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The Dow surpassed the 13000 level for the first time in nearly four years, but enthusiasm that a Greek default seems to have been averted for the moment quickly faded as traders wondered what will come next for the eurozone and eyed a big rally in many commodity markets.
The Dow Jones Industrial Average climbed 15.8 points, or 0.12%, to 12966, the S&P 500 rose 0.98 point, or 0.07%, to 1362 and the Nasdaq Composite dipped 3.2 points, or 0.11%, to 2949.
The 13000 threshold is psychologically important because it means the blue-chip average has completely rebounded from the financial crisis that sent stocks spiraling and threw the financial system and economy into a tailspin during 2008. Indeed, the last time the Dow traded at these levels, the unemployment rate was 5.4%, slightly more than half of the 10% hit in October 2009, and Lehman Brothers and Merrill Lynch stood as standalone entities.
The markets have had a strong year, with the Dow zooming 6%, and the broader S&P 500 jumping 8.2%.
Alcoa (NYSE:AA) was the best performer out of the blue chips on a percent basis by a wide margin on the day, rallying more than 2%. Chevron (NYSE:CVX), Caterpillar (NYSE:CAT) and ExxonMobil (NYSE:XOM) contributed 28.4 points to the Dow.
On the other end of the spectrum, Wal-Mart (NYSE:WMT) fell 3.9% after its quarterly results disappointed traders. The world's biggest retailer tore 18.2 points from the Dow's overall performance. Merck (NYSE:MRK), Intel (NASDAQ:INTC) and Travelers (NYSE:TRV) were among the other blue chip laggards.
Looking at the broader markets, energy and basic materials companies had the strongest day overall on the back of a strong rally in commodities. Health-care names, on the contrary, had the toughest time on the day.
Greek Deal Finalized, But Hurdles Remain
After months of marathon summits, last-minute parliamentary votes and intense protests, European Union leaders finally signed off on a $172 billion bailout package for Greece Monday night. A critical component of the deal was a debt exchange in which private creditors will voluntarily give up 53.5% in face value of their bond holdings.
Through that maneuver, deep austerity measures, and other reforms, European Union officials hope the country will be able to cut its public debt down to 121% of its economic output by 2020. Perhaps more importantly in the short-run, the deal should allow Greece to receive rescue aid before its next bond payment is due on March 20, meaning it will avoid a default that could have dealt a painful blow to financial markets.
Still, many analysts have remained only cautiously optimistic since the deal involves so many separate parts, and hinges on austerity measures that are highly unpopular in the country.
"This is a clear step forward for Greece and the euro area, but several implementation and political risks remain," according to analysts at Barclays Capital.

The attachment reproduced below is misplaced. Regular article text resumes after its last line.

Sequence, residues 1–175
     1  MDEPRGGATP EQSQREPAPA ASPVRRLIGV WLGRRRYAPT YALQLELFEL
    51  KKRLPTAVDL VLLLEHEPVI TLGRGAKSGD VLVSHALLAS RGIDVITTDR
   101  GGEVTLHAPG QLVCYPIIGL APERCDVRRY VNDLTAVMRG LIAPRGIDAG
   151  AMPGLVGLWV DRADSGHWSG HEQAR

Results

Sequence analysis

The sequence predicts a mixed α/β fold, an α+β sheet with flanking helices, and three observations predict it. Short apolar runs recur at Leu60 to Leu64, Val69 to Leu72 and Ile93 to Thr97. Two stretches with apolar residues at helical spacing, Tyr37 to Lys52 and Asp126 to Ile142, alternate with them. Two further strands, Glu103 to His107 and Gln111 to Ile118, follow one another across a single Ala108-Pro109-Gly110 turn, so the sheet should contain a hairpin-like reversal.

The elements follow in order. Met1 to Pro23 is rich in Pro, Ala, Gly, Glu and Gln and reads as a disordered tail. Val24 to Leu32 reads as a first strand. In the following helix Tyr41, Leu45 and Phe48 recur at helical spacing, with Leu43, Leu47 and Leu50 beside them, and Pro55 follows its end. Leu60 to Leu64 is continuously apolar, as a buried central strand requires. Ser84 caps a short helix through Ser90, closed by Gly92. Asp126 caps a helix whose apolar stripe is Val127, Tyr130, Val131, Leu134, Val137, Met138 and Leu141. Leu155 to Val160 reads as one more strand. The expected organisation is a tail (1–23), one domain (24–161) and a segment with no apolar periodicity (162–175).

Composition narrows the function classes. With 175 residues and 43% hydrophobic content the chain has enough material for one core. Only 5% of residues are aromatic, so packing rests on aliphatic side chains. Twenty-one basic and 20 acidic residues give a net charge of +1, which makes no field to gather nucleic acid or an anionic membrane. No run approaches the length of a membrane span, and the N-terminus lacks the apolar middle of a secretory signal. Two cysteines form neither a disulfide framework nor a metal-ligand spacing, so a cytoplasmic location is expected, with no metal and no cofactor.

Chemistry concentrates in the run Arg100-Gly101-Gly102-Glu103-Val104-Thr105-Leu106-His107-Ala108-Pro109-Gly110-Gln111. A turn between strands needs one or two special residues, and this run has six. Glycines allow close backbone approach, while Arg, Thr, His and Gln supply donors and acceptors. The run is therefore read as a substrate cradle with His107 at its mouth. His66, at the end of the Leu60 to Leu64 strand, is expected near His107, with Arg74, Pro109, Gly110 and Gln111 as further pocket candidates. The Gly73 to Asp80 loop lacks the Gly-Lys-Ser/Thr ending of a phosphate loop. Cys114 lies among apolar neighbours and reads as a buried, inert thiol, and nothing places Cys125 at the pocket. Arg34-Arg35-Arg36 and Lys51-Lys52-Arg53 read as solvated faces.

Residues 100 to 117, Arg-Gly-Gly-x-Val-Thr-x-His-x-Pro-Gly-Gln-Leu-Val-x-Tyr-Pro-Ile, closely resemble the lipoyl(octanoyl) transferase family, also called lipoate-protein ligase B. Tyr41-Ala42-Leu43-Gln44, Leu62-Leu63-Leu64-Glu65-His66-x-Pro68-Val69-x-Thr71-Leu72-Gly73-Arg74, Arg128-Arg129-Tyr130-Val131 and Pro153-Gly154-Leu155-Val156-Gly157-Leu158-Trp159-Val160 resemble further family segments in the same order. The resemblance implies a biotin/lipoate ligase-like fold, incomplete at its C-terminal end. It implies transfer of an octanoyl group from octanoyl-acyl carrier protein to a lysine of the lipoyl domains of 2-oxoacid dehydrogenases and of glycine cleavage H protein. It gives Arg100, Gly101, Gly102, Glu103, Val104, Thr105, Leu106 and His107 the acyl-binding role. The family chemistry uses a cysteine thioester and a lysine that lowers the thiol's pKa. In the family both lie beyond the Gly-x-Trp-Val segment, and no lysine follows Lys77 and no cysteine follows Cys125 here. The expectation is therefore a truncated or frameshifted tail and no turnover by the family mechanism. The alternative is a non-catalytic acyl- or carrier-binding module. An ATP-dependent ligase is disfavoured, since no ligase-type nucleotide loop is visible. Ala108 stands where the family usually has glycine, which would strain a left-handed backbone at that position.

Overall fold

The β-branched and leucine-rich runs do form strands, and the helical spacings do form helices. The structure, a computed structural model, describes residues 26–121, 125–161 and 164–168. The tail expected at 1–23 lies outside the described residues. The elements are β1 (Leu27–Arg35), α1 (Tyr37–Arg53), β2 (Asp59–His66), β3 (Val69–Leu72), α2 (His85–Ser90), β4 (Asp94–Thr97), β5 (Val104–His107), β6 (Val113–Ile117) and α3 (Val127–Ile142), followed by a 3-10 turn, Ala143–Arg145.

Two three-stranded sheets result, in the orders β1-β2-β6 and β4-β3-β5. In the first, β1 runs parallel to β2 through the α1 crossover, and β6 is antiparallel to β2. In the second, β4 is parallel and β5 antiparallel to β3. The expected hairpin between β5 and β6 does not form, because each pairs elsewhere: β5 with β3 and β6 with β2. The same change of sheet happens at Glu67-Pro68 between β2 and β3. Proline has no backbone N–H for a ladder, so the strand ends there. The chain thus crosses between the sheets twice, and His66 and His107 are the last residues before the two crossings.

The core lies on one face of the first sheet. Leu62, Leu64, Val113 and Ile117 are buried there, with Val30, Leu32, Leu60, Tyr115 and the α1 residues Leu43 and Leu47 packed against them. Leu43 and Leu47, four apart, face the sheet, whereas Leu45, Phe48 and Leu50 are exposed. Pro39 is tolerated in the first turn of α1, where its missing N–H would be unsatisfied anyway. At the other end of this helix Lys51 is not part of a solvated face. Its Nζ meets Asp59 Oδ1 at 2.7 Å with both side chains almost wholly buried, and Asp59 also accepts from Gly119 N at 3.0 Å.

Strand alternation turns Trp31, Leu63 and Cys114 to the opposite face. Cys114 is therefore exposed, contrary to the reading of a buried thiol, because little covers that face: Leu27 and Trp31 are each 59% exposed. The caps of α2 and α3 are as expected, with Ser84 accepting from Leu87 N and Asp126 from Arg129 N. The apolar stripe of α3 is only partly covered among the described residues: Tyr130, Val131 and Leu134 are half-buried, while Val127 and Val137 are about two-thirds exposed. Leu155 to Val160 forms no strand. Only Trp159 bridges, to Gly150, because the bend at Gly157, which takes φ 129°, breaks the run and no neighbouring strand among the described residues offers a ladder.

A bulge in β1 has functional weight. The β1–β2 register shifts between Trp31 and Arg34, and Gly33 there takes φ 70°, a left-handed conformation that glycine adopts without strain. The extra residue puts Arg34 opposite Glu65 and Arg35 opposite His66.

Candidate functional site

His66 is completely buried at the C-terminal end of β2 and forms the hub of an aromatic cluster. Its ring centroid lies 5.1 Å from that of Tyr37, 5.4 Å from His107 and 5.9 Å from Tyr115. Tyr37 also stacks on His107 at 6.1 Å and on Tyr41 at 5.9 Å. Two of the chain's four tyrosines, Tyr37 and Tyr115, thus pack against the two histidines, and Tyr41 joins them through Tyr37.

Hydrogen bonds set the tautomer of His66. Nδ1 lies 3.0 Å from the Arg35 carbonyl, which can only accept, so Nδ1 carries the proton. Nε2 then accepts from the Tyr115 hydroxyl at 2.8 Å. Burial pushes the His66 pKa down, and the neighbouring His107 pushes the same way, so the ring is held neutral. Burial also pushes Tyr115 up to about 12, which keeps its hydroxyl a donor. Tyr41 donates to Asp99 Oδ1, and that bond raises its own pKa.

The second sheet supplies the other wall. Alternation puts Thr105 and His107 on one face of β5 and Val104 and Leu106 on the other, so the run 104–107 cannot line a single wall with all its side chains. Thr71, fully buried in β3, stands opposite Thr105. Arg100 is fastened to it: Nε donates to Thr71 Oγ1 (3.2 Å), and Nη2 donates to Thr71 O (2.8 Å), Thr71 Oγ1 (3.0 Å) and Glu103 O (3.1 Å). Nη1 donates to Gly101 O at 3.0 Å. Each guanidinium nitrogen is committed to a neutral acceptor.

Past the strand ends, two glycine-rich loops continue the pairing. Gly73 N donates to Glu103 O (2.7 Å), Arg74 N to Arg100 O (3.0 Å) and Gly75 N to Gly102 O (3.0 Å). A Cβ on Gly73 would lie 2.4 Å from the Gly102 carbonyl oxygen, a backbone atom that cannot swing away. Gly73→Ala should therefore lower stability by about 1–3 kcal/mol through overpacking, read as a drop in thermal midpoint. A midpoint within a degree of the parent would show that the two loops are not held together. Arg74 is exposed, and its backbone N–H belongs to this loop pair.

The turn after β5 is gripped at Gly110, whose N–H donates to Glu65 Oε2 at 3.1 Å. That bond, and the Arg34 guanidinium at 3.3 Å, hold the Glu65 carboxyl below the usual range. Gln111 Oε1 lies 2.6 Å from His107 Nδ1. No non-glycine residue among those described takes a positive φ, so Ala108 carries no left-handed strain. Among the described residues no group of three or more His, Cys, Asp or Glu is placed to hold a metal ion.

Echoing that view, Dan Greenhaus, chief global strategist at BTIG wrote in a note to clients that "it is only a matter of time until this matter is revisited with an outcome equally uncertain."
European shares were modestly lower on the day after rallying in the prior session. The euro fell 0.23% to $1.3212, while the dollar rose 0.08% against a basket of six world currencies tracked by the dollar index.
Commodities were broadly to the upside on the day. The benchmark crude oil contract traded in New York jumped $2.65, or 2.6%, to $106.25 a barrel. Oil is now trading at its highest level since May, having soared 7.1% so far this year.
Wholesale RBOB gasoline rose 1.8% to $3.07 a gallon.
In metals, gold was up $32.60, or 1.9%, to $1,759 a troy ounce. Meanwhile, traders sold U.S. Treasury bonds, pushing yields higher. The benchmark 10-year yields 2.052% from 2.007%.
Traders also had a slew of corporate earnings results to parse through, including three Dow components.
Wal-Mart (NYSE:WMT) posted a fourth-quarter profit on continuing operations of $1.51 a share, topping estimates of $1.45. The world’s largest retailer, however, reported quarterly revenue of $122.3 billion, which fell short of the $124.2 billion analysts anticipated.
Home Depot posted a quarterly profit and revenue that topped Wall Street's estimates as a warm winter led consumers to take on projects they may have otherwise completed during spring, giving sales a boost.
Kraft Foods (NYSE:KFT) reported a higher quarterly profit that matched analysts' estimates, but the maker of products like Oreo cookies posted sales that were shy of expectations.
Macy’s (NYSE:M) revealed an adjusted fourth-quarter profit of $1.70 a share, beating expectations of $1.65. The department store chain’s revenue came in at $8.72 billion, matching estimates.
Elsewhere in Corporate News
Caterpillar (NYSE:CAT) said its world dealer-reported retail sales jumped 27% in the three-month rolling period ended in January.
Comcast (NASDAQ:CMCSA) unveiled a new video streaming service that may put it head-to-head with Netflix (NASDAQ:NFLX).
European blue chips fell 0.34%, the English FTSE 100 slipped 0.29% to 5928 and the German DAX dipped 0.58% to 6908.
In Asia, the Japanese Nikkei 225 fell 0.23% to 9463 and the Chinese Hang Seng edged higher by 0.25% to 21479.